Take a little bit of knitting ennui, add a smidgeon of pattern over-abundance, and stir it up with a handful of work-induced stress: what do you get? Pattern indifference. It’s been a while since I’ve been excited by new patterns. But now that is starting to change. Maybe because the days are getting longer, maybe because I’ve got some knitting mojo back, and maybe because there are a lot of cool designs popping up. Whatever the reason, it’s time for a Pattern Radar post.
1. Strathendrick by Kate Davies
I love this new design from Kate Davies. She says: “The landscape which surrounds my home provided perfect inspiration for something I’ve long wanted to design – a statement allover sweater in which vintage colourwork combines with a contemporary look and shape.” I think she nailed it: this is a fantastic pullover – I love the colours, the shape, the juxtaposition of vintage and contemporary, and the fluid drape. I also love that Kate models her own stuff. I love the gorgeous photos her husband, Tom, takes. I love the design ethic and the love of nature in their stuff. There is 20″ of ease in this sweater. That’s a lot of ease, and a lot of stranded knitting, but it’s got my fingers twitching despite that.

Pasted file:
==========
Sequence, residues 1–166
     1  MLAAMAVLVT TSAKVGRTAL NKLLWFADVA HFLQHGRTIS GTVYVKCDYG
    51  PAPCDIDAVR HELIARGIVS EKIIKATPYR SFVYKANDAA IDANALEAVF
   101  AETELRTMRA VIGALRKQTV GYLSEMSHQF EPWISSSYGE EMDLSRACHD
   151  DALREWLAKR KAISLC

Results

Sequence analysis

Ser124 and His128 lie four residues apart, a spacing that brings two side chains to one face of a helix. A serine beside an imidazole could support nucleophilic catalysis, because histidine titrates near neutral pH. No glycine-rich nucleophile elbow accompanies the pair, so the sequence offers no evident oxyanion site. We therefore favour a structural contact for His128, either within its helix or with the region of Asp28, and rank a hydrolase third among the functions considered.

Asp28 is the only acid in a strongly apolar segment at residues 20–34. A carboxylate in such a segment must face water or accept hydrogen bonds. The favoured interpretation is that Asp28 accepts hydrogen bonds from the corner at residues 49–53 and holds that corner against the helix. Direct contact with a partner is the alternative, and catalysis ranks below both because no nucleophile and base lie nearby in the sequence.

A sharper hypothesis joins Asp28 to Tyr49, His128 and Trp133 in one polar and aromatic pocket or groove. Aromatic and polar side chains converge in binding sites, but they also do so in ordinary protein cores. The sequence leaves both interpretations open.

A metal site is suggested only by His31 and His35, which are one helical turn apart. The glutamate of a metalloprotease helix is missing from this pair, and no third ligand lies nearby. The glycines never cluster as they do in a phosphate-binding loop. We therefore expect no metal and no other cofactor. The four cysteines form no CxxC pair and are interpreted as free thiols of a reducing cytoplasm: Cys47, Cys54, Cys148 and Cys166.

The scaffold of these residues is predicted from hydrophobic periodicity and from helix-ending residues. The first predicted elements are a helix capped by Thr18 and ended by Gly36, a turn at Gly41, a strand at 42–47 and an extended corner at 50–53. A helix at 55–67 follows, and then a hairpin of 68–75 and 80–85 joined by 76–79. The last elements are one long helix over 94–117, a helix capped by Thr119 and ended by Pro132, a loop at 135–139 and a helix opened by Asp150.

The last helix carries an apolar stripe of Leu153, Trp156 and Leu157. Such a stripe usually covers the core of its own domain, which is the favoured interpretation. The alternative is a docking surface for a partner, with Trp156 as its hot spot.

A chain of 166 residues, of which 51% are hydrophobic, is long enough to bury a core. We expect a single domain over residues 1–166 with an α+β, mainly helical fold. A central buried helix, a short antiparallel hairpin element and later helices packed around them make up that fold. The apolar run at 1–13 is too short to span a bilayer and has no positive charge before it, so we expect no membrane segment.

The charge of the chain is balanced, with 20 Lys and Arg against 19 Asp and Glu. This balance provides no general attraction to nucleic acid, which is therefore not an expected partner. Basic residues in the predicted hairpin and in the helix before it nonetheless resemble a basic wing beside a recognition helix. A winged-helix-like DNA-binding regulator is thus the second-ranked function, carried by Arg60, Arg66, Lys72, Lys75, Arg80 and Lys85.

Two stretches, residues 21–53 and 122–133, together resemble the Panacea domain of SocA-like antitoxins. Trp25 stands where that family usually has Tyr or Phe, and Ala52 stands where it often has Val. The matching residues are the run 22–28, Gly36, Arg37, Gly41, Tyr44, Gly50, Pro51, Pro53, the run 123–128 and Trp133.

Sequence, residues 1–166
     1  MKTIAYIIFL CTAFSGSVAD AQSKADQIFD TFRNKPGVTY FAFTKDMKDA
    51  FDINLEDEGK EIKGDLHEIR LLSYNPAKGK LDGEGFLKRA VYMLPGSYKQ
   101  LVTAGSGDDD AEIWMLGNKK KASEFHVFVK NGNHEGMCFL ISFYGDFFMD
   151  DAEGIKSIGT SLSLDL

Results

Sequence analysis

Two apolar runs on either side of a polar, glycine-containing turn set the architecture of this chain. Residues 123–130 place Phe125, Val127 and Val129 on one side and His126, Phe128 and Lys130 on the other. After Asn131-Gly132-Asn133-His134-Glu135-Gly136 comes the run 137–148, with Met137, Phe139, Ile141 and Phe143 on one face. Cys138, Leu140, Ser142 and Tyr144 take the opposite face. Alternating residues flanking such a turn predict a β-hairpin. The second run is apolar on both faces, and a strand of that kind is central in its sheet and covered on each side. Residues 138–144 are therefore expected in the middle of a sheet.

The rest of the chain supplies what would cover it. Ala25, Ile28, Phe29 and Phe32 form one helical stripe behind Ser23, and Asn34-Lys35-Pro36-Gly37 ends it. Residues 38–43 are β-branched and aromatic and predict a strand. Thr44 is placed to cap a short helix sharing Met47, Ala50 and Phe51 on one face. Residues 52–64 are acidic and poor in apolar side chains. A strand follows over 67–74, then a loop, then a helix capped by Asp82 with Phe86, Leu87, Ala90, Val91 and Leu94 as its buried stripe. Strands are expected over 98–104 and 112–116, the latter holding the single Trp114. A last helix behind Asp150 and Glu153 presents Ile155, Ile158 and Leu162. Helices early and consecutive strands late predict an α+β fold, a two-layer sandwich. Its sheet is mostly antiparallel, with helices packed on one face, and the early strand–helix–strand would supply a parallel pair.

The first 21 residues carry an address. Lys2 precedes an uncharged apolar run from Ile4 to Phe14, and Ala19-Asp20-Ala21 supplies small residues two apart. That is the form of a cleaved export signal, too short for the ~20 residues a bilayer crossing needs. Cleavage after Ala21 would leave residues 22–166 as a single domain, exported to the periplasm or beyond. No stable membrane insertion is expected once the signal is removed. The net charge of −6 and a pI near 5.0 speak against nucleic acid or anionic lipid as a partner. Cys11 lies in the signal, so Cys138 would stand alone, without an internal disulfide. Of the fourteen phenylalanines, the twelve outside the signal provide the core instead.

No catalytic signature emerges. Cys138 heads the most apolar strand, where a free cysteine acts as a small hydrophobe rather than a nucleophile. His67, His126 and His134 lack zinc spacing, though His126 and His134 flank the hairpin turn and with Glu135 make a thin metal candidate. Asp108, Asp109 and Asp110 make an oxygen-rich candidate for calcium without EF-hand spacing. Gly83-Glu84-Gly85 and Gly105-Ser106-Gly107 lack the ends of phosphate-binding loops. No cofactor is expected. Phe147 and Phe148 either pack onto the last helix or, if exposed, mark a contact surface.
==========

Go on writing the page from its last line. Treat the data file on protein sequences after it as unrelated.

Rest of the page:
2. Inkwell by Alice Caetano
I have a thing for black and white geometric patterns. This goes all the way back to the 1970s, when I would wear black and white geometric sweaters with mini skirts and my favorite white go-go boots. (Doug reminds me that I was still wearing this look when he met me in the 1980s.) I don’t think I’ll ever go back to that style, but I would wear Inkwell in a minute with a black pencil skirt or a pair of jeans. This design is from the Winter 2018 edition of amirisu – the whole edition is a glorious tribute to black and white geometry. I love the details on this one, in particular the way the central patterned section on the front is angled downwards towards the middle, creating a very flattering line for those of us who are no longer wearing mini skirts and go-go boots.